The apple site is full of love and hate for me. In some ways it is a hodge podge of updates where it seems you can tell different departments needed to make as they tried to move forward with the site. The updates to the Store made maybe 6 months were much needed to handle the increasing product presentation. The pro section http://www.apple.com/pro/

is one that seems to be in an evolving flux of new design elements, while the business section http://www.apple.com/business/

seems like it is from a different site. As for the metal look you only have to go to http://www.mac.com/

to experience it in its full glory.

I think that sites like this show a principle that I like about the web in relation to design. It is flexible enough to handle somewhat diverging looks and approaches and it works as long as serve the audience in the best way possible it allows for enriched site growth. It seems as though areas of the site are flexible and not locked into a rigid design presentation to hold intact guidelines setup at the inception of the site but allow for modification based on actual need. Though this seems in theory to go again some of the Job-sien ideals of brand design.

some funny things about the site are the search, though they really have made strides with the support section I think. The fact they have no "About Us" section, mainly funny in relation to the web these days, but they just have no company section accessible from the main site, to explain the company philosophy, which would be good. I do like the simplicity of their URLs, whenever you want info on a product you know you can go to apple.com/product and get it. As far as large product/marketing sites go I think it mixes the two well, and is a distinct fashion, with a high amount of flexibility.

On Aug.29.2003 at 05:21 PM
Su’s comment is:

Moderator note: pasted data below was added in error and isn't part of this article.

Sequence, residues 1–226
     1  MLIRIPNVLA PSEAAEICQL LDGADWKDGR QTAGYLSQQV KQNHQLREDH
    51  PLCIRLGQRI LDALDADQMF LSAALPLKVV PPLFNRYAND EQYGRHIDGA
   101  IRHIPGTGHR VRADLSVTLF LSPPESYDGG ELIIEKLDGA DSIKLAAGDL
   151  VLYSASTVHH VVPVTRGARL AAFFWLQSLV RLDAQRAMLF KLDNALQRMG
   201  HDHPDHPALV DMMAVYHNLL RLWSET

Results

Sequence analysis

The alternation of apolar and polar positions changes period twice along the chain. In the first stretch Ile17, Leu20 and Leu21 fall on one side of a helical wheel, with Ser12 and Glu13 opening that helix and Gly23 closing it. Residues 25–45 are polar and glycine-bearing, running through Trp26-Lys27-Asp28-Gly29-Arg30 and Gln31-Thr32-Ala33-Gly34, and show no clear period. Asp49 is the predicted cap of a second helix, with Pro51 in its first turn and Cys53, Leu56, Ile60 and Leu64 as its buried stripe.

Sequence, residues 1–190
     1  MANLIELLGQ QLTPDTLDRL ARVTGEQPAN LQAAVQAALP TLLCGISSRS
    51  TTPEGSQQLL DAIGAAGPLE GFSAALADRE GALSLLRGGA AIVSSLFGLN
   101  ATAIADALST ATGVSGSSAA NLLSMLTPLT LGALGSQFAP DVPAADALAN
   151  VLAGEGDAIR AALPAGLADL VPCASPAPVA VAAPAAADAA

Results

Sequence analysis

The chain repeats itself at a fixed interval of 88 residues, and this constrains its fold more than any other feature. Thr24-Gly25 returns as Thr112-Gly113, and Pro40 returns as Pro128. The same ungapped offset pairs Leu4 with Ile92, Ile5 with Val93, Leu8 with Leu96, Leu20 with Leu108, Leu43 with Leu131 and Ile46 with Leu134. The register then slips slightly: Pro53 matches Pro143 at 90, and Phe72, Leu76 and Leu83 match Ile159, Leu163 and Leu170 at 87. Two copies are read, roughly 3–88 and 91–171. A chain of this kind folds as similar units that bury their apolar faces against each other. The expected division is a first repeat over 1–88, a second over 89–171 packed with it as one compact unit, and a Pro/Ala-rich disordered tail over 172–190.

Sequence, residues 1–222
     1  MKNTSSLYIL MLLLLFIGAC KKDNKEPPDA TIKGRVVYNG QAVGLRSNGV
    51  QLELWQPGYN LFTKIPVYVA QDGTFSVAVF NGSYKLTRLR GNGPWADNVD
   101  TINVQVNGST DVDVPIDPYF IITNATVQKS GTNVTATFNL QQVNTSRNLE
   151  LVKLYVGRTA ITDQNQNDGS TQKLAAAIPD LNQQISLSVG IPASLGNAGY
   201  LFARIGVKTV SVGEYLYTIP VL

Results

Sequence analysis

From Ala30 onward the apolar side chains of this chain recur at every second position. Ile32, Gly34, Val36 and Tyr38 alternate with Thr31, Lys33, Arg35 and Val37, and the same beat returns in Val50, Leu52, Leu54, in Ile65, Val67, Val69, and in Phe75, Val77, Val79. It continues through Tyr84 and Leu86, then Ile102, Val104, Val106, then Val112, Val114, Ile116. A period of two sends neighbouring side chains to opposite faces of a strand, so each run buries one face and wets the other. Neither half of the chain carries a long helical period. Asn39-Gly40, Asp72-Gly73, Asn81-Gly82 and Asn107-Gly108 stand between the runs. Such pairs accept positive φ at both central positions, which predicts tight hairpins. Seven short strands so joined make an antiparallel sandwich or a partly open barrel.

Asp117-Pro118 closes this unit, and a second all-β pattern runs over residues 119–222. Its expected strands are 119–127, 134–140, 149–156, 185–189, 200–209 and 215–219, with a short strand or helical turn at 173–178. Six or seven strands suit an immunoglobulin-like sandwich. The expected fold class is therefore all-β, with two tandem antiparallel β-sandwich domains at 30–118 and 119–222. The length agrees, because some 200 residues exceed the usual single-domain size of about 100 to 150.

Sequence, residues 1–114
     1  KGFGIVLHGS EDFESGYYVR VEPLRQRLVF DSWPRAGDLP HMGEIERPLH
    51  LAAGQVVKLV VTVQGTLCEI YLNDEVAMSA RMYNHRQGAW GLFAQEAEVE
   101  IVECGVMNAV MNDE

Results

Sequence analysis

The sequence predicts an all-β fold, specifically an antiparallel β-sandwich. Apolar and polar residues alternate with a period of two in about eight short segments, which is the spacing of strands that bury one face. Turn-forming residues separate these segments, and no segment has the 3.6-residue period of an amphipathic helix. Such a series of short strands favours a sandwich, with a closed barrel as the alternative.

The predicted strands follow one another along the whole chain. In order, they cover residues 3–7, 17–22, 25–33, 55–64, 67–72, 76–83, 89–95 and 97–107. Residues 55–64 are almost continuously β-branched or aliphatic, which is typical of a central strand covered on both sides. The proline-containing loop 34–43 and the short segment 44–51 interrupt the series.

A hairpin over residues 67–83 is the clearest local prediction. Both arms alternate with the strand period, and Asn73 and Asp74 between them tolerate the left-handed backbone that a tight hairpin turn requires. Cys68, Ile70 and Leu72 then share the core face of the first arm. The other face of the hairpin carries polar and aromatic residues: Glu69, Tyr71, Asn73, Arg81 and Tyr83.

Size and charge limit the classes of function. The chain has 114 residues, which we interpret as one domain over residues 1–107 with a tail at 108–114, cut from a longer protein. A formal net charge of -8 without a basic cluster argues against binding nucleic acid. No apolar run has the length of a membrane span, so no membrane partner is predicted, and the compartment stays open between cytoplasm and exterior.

Anthony: True. The "apple.com/[product]/" are an easy and obvious little convenience that an amazing number of companies don't set up. I'm always irritated when some site makes me click several times to reach product info when I could just do something similar to the above.

On Aug.29.2003 at 10:26 PM
Todd W.’s comment is:

I think the visual design currently matches the company's brand and general "look and feel", so perhaps there's room from some touch up, as people have recommended, but not an overhaul.

As Su pointed out, the underlying architecture, however, is a disaster. I suspect few people actually go there to find information, they just gawk at the pictures or else the site'd have a worse rep than it does. For instance, head over the xServ product pages and start digging through the info. There is no consistent navigation within the section; once you dig into a particular topic you are left with the back button as your only means of escape. Some sub pages are only linked to from text links in the body copy. Train wreck.

On Sep.04.2003 at 11:51 AM
Todd W.’s comment is:

If the new iPod pages are what's in store, I can only shudder...


On Sep.08.2003 at 09:47 AM
Sam’s comment is:

Along the lines of CSS revamps, k10k reports World-champion WDDG redesigns with web standards, a bit o' Flash and a some QT. Personally I thought the previous sites were a lot more aesthetically compelling, detailed and lush and just plain strong. Not crazy about justified html text in the new one.

But mostly I mention this to alert folks to the ascii treat in the source code.

On Feb.22.2004 at 02:57 PM
Armin’s comment is:

Pretty� but no rollovers? How is that compliant?

On Feb.22.2004 at 03:52 PM